In the above video, Betway ambassador Katie Walsh takes us through a brief history of female jockeys in the Grand National. Charlotte Brew was where it all began, so let’s take a closer look at her life and how it paved the way for other women in sport.
In days gone by, the Grand National had little to do with women. Considering the inaugural running of the Grand National was in 1839, there have been many opportunities for the fairer sex to shine as a trainer or jockey.
It’s a sad fact that it took almost 140 years for a female jockey to take part in the Grand National. 1977 wasn’t simply an iconic year because Red Rum won his third National for Ginger McCain. It was important because Charlotte Brew and her gelding Barony Fort made history by taking part in the most famous steeplechase in the world. Horse and rider got as far as the 27th fence before refusing to jump, just four obstacles from the finishing line.
It was a tremendous effort which paved the way for a new generation – female jockeys.
Brew made her own opportunities. She wasn’t given the ride because Barony Fort was her horse. In fact, it is questionable whether she would have been given a ride without this factor. Back in the 1970s, thoroughbred horse trainers were predominantly men. And, to be fair, many trainers held the opinion that the Grand National was no place for a women.
However, times were changing and the 1975 Sex Discrimination Act helped bring equality that could be questioned by law. It was no longer a matter of opinion. Especially a man’s decision of whether a female jockey should compete.
Equality gave opportunity.
Brew used the very system than may have been used to sideline her to compete. She qualified for the Grand National by finishing fourth in the 1976 Fox Hunters Chase, run over the same obstacles. She proved that woman and horse where equal to any challenge.
For many jockeys the battle to win the Grand National is the ultimate goal.
For female jockeys it took over a century to get to the start line let alone the finish.
Geraldine Rees made history in 1982 when she rode Cheers to complete the Grand National in 8th place. She was the first female jockey to complete the 4m 3 1/2f and 30 fences.
The first female jockey to complete this historic race from 1977 – 1989.
Thirteen horses and female jockeys attempted this gruelling challenge and her mount either refused, pulled-up or fell at a fence.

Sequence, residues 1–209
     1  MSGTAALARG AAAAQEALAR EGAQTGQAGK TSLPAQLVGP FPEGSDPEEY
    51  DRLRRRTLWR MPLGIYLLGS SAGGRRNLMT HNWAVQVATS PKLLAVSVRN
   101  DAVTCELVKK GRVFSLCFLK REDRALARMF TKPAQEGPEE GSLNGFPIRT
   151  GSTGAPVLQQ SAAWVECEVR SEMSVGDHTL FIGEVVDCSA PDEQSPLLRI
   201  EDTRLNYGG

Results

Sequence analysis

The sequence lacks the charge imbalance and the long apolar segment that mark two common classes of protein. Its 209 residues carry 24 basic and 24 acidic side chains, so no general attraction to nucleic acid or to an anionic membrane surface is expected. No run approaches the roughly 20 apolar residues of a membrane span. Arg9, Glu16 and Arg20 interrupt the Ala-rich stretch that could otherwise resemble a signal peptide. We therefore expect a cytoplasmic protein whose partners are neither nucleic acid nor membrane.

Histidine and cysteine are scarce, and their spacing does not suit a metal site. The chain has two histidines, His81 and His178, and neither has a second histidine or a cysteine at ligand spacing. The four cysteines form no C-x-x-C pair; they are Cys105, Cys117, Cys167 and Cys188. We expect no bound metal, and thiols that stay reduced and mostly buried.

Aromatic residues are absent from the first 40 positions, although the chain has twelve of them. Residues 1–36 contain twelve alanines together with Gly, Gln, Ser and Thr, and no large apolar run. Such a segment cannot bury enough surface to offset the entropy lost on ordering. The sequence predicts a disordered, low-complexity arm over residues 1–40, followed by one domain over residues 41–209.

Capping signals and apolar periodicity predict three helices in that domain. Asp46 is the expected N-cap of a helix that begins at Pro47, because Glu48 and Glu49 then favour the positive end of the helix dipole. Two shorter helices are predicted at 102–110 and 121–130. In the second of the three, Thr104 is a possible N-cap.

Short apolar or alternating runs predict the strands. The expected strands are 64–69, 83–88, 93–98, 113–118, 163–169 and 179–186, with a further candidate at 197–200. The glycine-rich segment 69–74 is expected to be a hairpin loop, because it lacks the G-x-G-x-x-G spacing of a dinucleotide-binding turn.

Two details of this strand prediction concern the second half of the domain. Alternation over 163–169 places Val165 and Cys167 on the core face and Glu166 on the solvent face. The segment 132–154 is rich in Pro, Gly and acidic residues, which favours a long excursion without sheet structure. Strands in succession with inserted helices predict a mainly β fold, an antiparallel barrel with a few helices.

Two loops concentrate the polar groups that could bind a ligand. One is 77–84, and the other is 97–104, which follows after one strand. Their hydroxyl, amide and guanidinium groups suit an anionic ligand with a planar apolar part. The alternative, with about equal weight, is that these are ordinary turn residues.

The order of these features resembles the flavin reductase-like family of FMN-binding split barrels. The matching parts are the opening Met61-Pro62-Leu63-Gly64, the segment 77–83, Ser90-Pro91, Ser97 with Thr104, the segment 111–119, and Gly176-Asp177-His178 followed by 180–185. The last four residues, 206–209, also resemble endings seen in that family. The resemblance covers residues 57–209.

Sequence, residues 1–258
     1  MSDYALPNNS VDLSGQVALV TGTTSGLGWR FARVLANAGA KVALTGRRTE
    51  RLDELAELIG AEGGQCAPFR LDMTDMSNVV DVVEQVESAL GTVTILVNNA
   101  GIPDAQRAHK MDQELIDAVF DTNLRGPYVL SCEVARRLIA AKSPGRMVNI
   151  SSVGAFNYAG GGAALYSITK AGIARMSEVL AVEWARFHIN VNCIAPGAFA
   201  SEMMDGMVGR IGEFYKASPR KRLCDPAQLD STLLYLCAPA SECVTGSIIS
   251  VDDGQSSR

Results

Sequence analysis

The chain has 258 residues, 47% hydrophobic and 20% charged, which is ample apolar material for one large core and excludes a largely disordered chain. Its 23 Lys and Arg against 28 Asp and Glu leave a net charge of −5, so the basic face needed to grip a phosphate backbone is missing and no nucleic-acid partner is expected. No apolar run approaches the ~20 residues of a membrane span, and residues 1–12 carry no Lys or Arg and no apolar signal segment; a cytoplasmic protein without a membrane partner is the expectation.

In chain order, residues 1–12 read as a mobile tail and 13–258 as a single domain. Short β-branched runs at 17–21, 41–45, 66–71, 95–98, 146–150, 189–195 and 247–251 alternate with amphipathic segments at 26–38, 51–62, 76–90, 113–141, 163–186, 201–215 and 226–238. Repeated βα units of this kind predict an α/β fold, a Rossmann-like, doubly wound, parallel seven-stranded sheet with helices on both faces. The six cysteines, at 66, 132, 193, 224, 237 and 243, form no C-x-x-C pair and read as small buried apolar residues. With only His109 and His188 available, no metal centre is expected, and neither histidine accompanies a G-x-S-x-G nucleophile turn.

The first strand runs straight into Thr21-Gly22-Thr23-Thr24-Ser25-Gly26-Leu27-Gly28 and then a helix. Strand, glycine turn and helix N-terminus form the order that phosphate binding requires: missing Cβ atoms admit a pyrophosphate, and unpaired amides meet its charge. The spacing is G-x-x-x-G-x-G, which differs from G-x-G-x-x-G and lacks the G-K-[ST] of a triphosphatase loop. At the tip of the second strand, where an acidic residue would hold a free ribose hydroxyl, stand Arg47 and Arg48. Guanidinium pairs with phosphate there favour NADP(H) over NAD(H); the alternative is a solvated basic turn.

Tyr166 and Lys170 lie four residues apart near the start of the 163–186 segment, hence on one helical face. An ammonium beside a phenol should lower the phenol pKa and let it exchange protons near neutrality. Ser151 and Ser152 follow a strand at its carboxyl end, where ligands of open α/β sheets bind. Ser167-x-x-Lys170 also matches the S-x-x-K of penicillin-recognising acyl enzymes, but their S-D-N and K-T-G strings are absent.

They weren’t deterred.
In 2012, Katie Walsh rode the favourite Seabass who completed the course in third place. A historic moment. As Walsh says: ‘It’s only a matter of time before a female jockey wins the Grand National.’
It will be a day that all who believe in equality savour.
The first female jockey to win the Grand National. It’s a reality – not just a dream.
In a remarkable career in the saddle, Sir Anthony McCoy rode over 4,000 winners but, as far as the wider public is concerned, achieved his crowning glory when winning the 2010 Grand National on Don’t Push It.
In fifteen previous attempts, McCoy had finished third in the celebrated steeplechase three times – on Blowing Wind twice, in 2001 and 2002, and Clan Royal in 2006 – but never won. Nevertheless, despite being pulled up on his previous start in the Pertemps Network Final at the Cheltenham Festival, where he reportedly ‘appeared to lose interest’, Don’t Push It was the subject of a public gamble, from 20/1 to 10/1 joint-favourite, on Grand National Day.
The market support proved well founded. The 10-year-old was well placed, just behind the leaders, heading out into the country for the second time and, despite making a mistake at the fence after Valentine;s Brook, was one of a group of four horses that drew clear with two fences left to jump. He tackled the leader, Black Apalachi, at the final fence and, although idling on the infamously long run-in, drew away in the closing stages to win by 5 lengths. McCoy later confessed, ‘It means everything to me to win the Grand National.’
Collectively, McCoy, winning trainer Jonjo O’Neill and winning owner John ‘J.P.’ McManus had made 62 attempts to win the Grand National. Don’t Push It was retired in January, 2012, at which point O’Neill reflected, ‘I think we’ll always remember the magical day he won the Grand National…as we had all been trying to win the race for so many years.’